Following a 4-8 season that saw Notre Dame use a dual-quarterback system that proved to be ineffective, head coach Brian Kelly and new offensive coordinator Chip Long are focused in 2017 on one signal caller to handle those duties. Unless an injury occurs, that’s going to be sophomore Brandon Wimbush, who saw limited action as a true freshman two years ago before being redshirted during the 2016 campaign.
Firmly entrenched as Notre Dame’s starting quarterback though, Wimbush is ready to become a star. Today our series of breakout stars for Notre Dame in 2017 rolls on with Brandon Wimbush.
Pedigree & Career to Date
Coming out of St. Peter’s Prep in Jersey City, New Jersey, Wimbush was ranked among the top five quarterbacks in the nation within his recruiting class. The reason stemmed from his ability to combine solid passing skills with mobility, throwing for nearly 3,200 yards while also connecting on 37 touchdown passes as a senior. In addition, he ran for over 700 yards and scored five times on the ground.
The 6-2, 225-pound Wimbush was originally destined to play at Penn State, but he changed his mind in October 2014 and found Kelly and his staff ready to scoop him up. That was despite the Irish not being on the list of his other four original options of Boston College, Miami, Ohio State and Virginia Tech.
During his freshman season the following year, Wimbush saw action in two games and gave a hint of his potential in mop-up duty against Massachusetts. He connected on three of five passes for 17 yards while rushing for 92 yards, one of those a 58-yard scoring run.
Despite not taking the field last year, Kelly was impressed by Wimbush’s maturity concerning his status and his development in the all-important role as team leader. During spring practice, Wimbush got the majority of snaps and was handed the reins for the upcoming year. In the Blue and Gold game, he threw for 302 yards on 22-of-32, though he did fall victim to a pair of picks.
Why Brandon Wimbush Will Breakout
Wimbush’s versatility and the aforementioned maturity will help invigorate an offense that struggled to find its way on a regular basis last year. The fact that he’s actually seen time on the field, even if it was during garbage time, should avoid the risk of being awestruck in taking over behind center.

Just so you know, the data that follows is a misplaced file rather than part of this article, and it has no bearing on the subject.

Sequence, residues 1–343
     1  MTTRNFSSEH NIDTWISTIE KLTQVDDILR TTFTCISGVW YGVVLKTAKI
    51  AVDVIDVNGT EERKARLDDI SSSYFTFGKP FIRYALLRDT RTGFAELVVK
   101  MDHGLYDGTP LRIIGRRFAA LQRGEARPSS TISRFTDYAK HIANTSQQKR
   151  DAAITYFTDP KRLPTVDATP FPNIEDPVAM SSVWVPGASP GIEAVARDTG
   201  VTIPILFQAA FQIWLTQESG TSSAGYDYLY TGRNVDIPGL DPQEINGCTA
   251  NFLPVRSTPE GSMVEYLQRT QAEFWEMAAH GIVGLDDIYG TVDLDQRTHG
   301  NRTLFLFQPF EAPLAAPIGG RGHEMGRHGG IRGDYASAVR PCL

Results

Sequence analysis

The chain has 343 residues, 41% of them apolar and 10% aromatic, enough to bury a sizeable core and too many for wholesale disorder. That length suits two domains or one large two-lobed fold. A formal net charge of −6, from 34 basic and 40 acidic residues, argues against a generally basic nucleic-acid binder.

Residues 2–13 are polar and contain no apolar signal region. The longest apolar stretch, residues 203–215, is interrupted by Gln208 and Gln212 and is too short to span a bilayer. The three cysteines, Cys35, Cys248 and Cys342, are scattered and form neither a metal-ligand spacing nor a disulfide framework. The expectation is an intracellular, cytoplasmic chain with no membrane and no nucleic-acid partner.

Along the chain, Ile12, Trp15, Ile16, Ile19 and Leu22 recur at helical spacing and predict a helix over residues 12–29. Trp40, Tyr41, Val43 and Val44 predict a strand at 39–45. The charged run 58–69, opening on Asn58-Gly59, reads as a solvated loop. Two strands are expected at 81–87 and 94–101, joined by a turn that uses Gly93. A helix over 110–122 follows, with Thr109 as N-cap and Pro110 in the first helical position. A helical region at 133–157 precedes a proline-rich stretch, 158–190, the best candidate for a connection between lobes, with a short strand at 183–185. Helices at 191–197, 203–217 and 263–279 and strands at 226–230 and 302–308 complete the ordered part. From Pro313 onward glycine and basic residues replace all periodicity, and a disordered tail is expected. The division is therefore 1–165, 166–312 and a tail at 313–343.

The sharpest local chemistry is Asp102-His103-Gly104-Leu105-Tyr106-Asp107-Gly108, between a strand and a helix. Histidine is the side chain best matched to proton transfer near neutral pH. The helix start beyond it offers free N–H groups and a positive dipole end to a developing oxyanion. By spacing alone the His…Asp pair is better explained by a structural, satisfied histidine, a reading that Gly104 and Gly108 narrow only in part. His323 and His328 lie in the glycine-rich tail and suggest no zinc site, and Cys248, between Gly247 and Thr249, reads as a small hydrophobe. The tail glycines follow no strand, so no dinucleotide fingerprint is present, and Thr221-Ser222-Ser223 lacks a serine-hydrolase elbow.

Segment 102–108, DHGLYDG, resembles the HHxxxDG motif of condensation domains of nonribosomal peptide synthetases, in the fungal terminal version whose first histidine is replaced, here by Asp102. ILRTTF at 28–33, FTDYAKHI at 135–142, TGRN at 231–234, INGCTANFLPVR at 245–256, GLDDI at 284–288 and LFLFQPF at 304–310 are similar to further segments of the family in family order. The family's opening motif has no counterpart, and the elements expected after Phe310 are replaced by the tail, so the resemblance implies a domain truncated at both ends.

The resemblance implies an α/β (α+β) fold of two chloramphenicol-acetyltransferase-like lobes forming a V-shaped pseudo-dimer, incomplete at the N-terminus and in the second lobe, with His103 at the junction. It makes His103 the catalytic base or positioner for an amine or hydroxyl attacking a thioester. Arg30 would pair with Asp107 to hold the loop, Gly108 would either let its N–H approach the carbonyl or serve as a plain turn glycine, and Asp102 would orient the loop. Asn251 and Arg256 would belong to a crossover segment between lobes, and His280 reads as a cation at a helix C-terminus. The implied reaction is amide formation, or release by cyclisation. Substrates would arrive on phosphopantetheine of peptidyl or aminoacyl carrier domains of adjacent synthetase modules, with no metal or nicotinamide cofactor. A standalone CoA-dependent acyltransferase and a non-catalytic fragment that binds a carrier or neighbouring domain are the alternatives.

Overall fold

Even though Wimbush has been the odds-on favorite to start ever since DeShone Kizer announced he was headed to the NFL, he continues to look for ways to improve his overall abilities. During his spring break, he traveled to San Diego for one specific reason. It wasn’t to party, it was to work with noted quarterback coach George Whitfield.
Another factor that lends itself to Wimbush breaking through is the knowledge that Chip Long’s embracing of run-pass option plays is something that he handled during his high school career. The fact that he’s shown himself to be a quick study gives rise to the hope that he’ll quickly take advantage of that experience in the early part of the season.
Finally, the Irish offensive line is expected to be much improved from last season, which should keep Wimbush away from a high level of defensive harassment. Headed by tackle Mike McGlinchey, this unit has four starters back and also has offensive line coach Harry Hiestand back. He’s produced a bevy of talented lineman in the past, with 2016 likely having been an aberration.
Why Brandon Wimbush Might Not Breakout
The Notre Dame schedule for 2017 has a number of challenges, including matchups against teams like Georgia, Southern Cal and Stanford. That’s an imposing series of roadblocks, even for an experienced quarterback. For someone who’s seen next to no action, it might end up undercutting any real chance he has to make an impact.
If the offensive line doesn’t have a resurgence, it might be a rerun of last year’s misery. Right tackle is the spot to keep an eye on, given the simple fact that this will be where the lone newcomer takes up residence. If Tommy Kraemer or Liam Eichenberg doesn’t come through, then Wimbush could be under siege.
Even if Wimbush has immersed himself in Long’s new offense, there’s no guarantee that it leads to victories across the board. If there are stumbles during the season, it can stagnate the quarterback’s development and given that the room for error in South Bend this season is slim, that could be deadly.
As adept as Wimbush can be when he runs, his footwork is still open to further improvement. The hope is that the offseason and training camp will help work out the kinks so that the Irish offense won’t have to be over-reliant on the running game. If it is, that might end up costing Kelly and his coaches at the end of the season.
Talented players regularly find their way to South Bend, with this year’s edition of the Notre Dame offense no stranger to that phenomenon. The good thing for Wimbush is that he has quality in the backfield with Josh Adams and among his receiving corps with wideouts like Equanimeous St. Brown and the expected return of tight end Alize Mack. Equally important is the fact that he has a veteran offensive line.
Wimbush has the smarts to pick up reads, though it’s important to remember that his body of work in college football is microscopic. That means that growing pains are inevitable during the course of the year, though the expectation is that his learning curve will be a short one.
Considering the fanfare that came with the arrival of Wimbush two years ago, setting a high bar isn’t out of the question when it comes to this year’s prospects. If he comes anywhere close to that level, the Irish comeback will commence and Wimbush will be the one at the controls.